Enter Generation X. They are savvier, more influential and more invested in seeing outcomes from their philanthropy, and many of them expect to increase their philanthropic giving in the coming year. Generation X are not going to sit back, make a regular gift to your cause and forget about it.
It will be up to your organisation to communicate with them regularly on their turf, prove your worth and demonstrate your impact. To achieve success donor segmentation is going to be more important than ever – generation X want to be spoken to directly in a way that is meaningful to them.
Think about how you can best communicate with this generation to demonstrate your trustworthiness and your impact. What will you achieve? Why are you the best people to do what you do? Why should they trust you with their support to get the best results?
Ask your Boomer supporters to introduce you to the next generation, encourage them to bring them to events, join updates and participate in tours. Don’t wait for them to come to you, they might not.
10. TIME TO VOTE…AGAIN
2019 is an election year at the federal level and, for some, at the state level as well. Soon each one of us will be inundated with election news, commercials and the like. Election season always creates a nervous atmosphere filled with uncertainty in Australia. Although at least it is not like the USA where politicians run 24/7 and 365 days a year!
Voting is compulsory in Australia, but the in-between stuff is just as critical and should not be optional. Fundraising reform is occurring and every one of us who care deeply about the nonprofit sector ought to be a part of it. As a sector, we want consolidation of charity registrations and we want self-regulation.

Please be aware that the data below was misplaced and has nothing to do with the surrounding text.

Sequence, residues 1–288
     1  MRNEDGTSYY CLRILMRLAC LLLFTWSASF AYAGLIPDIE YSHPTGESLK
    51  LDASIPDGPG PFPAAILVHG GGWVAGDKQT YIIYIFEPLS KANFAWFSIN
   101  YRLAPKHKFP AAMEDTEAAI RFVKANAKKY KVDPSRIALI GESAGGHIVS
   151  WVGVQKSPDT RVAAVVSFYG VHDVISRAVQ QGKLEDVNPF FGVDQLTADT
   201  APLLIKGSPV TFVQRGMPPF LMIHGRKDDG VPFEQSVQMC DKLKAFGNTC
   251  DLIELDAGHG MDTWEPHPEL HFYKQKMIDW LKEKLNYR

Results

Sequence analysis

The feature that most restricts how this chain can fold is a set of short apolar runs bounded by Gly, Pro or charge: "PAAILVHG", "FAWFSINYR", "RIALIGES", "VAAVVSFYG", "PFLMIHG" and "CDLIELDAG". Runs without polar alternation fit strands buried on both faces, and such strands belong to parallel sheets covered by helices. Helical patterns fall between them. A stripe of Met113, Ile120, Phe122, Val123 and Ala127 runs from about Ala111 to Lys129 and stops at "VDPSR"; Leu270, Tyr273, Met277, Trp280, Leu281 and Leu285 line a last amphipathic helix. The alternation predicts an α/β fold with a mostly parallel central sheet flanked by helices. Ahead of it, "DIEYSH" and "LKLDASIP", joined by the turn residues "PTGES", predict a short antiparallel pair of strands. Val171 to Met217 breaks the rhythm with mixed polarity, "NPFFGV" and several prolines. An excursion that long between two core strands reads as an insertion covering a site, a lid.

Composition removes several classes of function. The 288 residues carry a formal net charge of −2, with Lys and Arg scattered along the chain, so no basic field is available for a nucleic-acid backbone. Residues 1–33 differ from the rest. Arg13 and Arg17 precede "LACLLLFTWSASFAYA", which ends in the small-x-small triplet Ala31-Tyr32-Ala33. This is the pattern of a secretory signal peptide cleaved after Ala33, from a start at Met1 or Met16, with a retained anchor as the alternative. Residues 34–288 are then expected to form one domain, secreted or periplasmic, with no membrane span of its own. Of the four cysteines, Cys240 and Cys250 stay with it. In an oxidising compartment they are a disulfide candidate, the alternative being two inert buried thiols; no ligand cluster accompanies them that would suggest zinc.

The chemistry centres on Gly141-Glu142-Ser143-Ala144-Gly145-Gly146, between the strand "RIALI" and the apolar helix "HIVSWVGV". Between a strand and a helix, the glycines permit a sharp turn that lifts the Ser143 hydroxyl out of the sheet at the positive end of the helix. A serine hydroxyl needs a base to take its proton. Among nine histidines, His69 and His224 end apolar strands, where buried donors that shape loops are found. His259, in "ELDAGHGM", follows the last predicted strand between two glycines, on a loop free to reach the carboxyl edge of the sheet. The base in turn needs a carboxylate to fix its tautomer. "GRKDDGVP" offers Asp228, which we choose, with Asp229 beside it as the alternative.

Change does not just happen. Change occurs through the concerted efforts of people mobilising to create that change. If you are not involved in your peak body, Fundraising Institute Australia (FIA), or supporting projects like #FixFundraising, now is the time to get involved.
It is the last year of the decade. Make the change you seek by joining forces. Make 2019 the year you get involved.
WHAT’S ON THE HORIZON?
Don’t you wish you had a crystal ball and you could look into the future for nonprofit organisations, predicting what the world for fundraisers might look like? What will the disruptions be in the year 2029 or, even, 2021 for that matter?
Teisha Archer & Stephen Mally CFRE
Teisha (Teisha Archer Consulting) and Stephen (FundraisingForce) are highly experienced independent fundraising consultants and part of the 40-plus specialists in The Xfactor Collective social impact community. For more information about connecting with Teisha and Stephen, or to find out more about how the Collective can support your organisation in 2019, go to www. xfactorcollective.com.